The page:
Big high and then a sickening low.
Boom and then bust.
Open golf feast followed by Open golf famine.
The 2019 Open at Royal Portrush was a joyous week - a festival of linksland golf that featured a longed-for return to a magnificent venue, the skewed fairytale of Rory McIlroy's homecoming, and Cheltenham-like scenes of celebration when Shane Lowry emerged victorious.
Nine months later R&A Chief Executive Martin Slumbers had to tell the world that the summer of 2020 would witness no Open: the 149th edition of the greatest championship was cancelled.
"I think the 2019 Open at Royal Portrush was probably one of the best experiences I've ever had," Slumbers said in an Open media briefing today. "And cancelling 2020 was probably the worst."
Another 12 months on and preparations for the 2021 Open remain somewhat up in the air, but Slumbers can confidently state: "One thing I am clear about is that we will play the 149th Open at Royal St George's in the third week of July."
He knows that uncertainty remains about the exact shape the championship will take, needing to constantly liaise with the UK Government and Public Health authorities, but his team "are effectively planning three different Opens" so that whichever option is viable they are ready to present it.
A complex issue, therefore, one that makes Shane Lowry's defence of the Claret Jug appear almost simple.
The Irishman joined Slumbers at the briefing and was in fine fettle after landing tied fourth at last week's PGA Championship.
He was even able to chuckle away as he recalled his only experience of Royal St George's, venue for his attempt to claim back-to-back triumphs.
"I played the Amateur Championship in 2006 and shot 81 in my one round there," he said. "I haven't been back since!
"I watched Darren Clarke win there, of course, and know it's one of the trickiest Open venues. With a good summer, it being so far south, it can get very fast. It'll be a great test."
Lowry's victory nearly two years ago actually ended a nasty run of four straight missed cuts at the Open and he hopes that his good effort last week, in addition to a career-best T21st at the Masters in April, is a sign of more Major success to come.
He's best price 50/1 with Bet Victor to win the Open in July and 66/1 with Bet365 to taste success in next month's US Open at Torrey Pines.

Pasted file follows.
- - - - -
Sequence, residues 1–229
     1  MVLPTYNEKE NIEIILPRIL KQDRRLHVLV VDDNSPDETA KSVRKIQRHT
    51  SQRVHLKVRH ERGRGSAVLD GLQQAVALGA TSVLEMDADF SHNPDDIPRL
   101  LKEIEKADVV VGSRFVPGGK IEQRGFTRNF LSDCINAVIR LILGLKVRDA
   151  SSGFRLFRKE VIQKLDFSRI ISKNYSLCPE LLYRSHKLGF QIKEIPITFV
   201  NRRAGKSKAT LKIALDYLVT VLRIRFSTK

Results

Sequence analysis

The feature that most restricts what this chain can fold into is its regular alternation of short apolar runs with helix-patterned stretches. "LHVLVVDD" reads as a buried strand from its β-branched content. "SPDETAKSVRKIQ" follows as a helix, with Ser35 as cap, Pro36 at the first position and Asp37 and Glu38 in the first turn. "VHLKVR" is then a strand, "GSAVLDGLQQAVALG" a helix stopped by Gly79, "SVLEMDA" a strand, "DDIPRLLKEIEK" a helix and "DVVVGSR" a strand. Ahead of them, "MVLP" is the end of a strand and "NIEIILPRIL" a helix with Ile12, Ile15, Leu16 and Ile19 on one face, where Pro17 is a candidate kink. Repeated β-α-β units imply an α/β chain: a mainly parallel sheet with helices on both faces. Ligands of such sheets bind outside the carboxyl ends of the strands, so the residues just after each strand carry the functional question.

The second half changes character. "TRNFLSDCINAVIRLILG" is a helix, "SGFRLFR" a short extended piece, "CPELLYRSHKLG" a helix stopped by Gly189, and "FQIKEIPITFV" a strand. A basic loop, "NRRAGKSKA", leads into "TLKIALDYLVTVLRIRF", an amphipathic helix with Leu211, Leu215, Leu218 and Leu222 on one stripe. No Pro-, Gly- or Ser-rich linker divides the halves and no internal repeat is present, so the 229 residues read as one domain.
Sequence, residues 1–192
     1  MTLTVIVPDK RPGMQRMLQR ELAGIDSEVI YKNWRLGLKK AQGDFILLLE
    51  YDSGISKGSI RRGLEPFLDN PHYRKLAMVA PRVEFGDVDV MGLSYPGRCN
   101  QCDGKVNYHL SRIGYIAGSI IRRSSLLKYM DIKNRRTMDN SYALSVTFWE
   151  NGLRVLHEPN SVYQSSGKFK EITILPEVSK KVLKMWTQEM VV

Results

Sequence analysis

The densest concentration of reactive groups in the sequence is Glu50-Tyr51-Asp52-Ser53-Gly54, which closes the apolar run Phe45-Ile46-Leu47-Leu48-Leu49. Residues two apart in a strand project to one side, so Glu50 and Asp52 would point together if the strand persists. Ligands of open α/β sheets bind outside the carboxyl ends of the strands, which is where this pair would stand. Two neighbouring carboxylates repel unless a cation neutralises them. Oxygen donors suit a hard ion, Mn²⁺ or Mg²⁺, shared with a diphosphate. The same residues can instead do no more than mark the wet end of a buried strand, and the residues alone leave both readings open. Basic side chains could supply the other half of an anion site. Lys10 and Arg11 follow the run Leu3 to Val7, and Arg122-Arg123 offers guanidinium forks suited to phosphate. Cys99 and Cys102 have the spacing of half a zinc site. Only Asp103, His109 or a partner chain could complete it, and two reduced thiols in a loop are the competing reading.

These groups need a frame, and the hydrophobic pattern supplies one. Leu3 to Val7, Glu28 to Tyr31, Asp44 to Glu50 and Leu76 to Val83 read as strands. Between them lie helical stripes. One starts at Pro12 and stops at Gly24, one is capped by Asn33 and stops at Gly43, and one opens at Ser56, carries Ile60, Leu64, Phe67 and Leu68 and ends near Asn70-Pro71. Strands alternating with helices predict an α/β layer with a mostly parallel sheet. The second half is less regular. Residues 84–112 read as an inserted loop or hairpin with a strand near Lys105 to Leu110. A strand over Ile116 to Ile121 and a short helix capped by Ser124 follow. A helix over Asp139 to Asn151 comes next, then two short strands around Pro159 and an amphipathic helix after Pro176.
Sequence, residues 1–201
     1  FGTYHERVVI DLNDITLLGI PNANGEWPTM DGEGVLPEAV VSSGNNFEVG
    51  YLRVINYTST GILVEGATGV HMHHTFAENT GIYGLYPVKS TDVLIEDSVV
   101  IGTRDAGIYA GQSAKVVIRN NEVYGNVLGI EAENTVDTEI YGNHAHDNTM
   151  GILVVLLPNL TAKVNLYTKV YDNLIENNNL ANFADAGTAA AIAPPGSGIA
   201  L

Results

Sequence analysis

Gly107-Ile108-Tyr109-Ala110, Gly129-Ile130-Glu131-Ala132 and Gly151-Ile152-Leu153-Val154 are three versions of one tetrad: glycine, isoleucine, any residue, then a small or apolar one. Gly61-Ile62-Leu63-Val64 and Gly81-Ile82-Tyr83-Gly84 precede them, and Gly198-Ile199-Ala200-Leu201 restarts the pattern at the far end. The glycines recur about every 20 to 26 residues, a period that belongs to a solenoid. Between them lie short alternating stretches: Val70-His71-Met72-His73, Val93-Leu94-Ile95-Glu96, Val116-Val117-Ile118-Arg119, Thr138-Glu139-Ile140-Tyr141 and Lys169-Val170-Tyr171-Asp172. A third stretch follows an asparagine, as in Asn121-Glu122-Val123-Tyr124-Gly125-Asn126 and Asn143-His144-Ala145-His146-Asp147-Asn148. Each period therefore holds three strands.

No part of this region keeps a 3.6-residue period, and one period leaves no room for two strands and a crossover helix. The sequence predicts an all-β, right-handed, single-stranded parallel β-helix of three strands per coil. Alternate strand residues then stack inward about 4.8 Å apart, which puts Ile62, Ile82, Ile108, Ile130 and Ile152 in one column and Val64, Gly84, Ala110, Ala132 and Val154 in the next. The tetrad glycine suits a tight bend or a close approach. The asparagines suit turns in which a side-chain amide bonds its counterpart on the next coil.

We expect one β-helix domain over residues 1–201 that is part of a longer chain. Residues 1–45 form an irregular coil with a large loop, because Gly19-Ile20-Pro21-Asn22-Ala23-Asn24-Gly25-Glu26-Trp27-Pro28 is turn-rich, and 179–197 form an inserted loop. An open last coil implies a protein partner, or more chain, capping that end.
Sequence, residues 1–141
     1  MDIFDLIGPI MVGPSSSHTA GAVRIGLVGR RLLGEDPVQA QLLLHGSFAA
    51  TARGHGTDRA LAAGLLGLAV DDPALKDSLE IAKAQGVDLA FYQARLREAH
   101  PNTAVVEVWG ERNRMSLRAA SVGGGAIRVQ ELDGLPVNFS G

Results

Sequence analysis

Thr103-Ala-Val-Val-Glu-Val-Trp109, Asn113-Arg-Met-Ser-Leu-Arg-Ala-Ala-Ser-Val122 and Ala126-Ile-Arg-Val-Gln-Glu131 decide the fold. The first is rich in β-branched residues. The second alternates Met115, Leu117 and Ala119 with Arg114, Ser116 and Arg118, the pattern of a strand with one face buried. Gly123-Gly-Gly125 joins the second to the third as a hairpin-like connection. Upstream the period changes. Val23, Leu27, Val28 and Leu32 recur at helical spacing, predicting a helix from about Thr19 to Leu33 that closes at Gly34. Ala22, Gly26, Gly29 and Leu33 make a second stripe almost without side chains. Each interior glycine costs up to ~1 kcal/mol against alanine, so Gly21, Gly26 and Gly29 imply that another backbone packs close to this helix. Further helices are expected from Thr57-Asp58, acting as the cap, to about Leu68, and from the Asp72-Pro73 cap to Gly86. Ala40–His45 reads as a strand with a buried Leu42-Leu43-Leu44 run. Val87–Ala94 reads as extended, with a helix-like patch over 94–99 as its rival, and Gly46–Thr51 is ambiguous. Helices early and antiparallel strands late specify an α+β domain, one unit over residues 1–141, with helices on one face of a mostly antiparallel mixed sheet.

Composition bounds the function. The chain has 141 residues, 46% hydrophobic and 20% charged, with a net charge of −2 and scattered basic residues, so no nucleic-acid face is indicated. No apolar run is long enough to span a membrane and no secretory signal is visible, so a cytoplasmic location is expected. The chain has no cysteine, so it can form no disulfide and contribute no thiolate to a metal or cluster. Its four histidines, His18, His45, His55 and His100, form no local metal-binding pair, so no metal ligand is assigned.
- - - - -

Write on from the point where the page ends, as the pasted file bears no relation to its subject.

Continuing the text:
Here's what he had to say about his recent form in the Majors and his prospect for the rest of this summer, and the fun he has had with the Claret Jug during the last two years.
On finishing tied fourth at last week's PGA Championship:
"Obviously I had a great weekend and I feel like I'm playing the big events really well in recent years. I'm finding my A game or somewhere near my best in them. I felt like I played great at the Masters too (he recorded a career best T21st). Last week was incredible with a proper Major feel. One of the best set ups I've seen at a Major. The golf course and everything about it."
On the reasons behind his good form in the States:
"We have a base in the States now. That helps me on the PGA and in the big events. That's definitely helped my form at the moment and my game has matured. I have as a person, too. 90% of my game is consistent at the moment. Only my putting is lacking. If I can add that, I can contend and putting myself in the mix last week was great. That's the buzz, that why I get up every morning. Hopefully I can give myself more chances in the next couple of years."
On loving the Majors:
"I love Major Championship. I love big weeks. It's the atmosphere. Last year I struggled with no crowds. It was hard to get yourself to the right levels of intensity. The Masters in April and last week was great."
On what he's learned about the Majors:
"I'm 34 and I'm maturing. When I get to the big weeks I know what happens. You have tough runs. You have good runs. When you have the good runs you have to make the most of them, take advantage. I did that last week. At the same time, I'm delighted with the fourth, but I was quite disappointed leaving because it's a tournament I could have won. I struggled on the greens but they were weird. It was very hard to hole putts, not for Phil perhaps. But they were hard to read. Even on 18 on Sunday, I misread by a cup from eight feet and yet it felt like a decent putt. It was that was type of week."
On missing out on his defence last summer:
"When I heard the news of the cancellation I was disappointed. But I didn't pack the jug away, still had it there. The decision was made in April so I knew from then. Everyone had to make tough decisions and I look at it this way: I'll prefer defending in front of crowds this year than defending in front of no-one last year."
On returning to the Open:
"Defending a Major will be a new experience, I'm very excited. I'll be disappointed to hand back the Claret Jug but I can assure you it's in good shape, very shiny. It feels like a long time since Royal Portrush and, in my opinion, the Open is one of, if not the greatest, of our championships."
On looking after the Claret Jug:
"I've had an amazing time with it and I did have a couple of drinks out of it. Also, I was wheeling the Jug through the hotel one time and this guy said, 'Is that the Claret Jug?' He begged me to see it. He held it and he started to cry. That's what it means to people. To share that, it's been incredible."
On the prospect of the 150th Open at St Andrews next year:
"It'll be amazing. I played my first Open there in 2010 and I've always said it was one of my best experiences in golf. It doesn't get any better than walking down that first fairway and walking up 18 in the Open on the Old Course with big crowds. I'm sure they have some big ideas. I believe they have a Champions Dinner, I'm really looking forward to that. Just very grateful. For me it doesn't get any bigger than the Open in St Andrews. To win it there might just top winning in Ireland."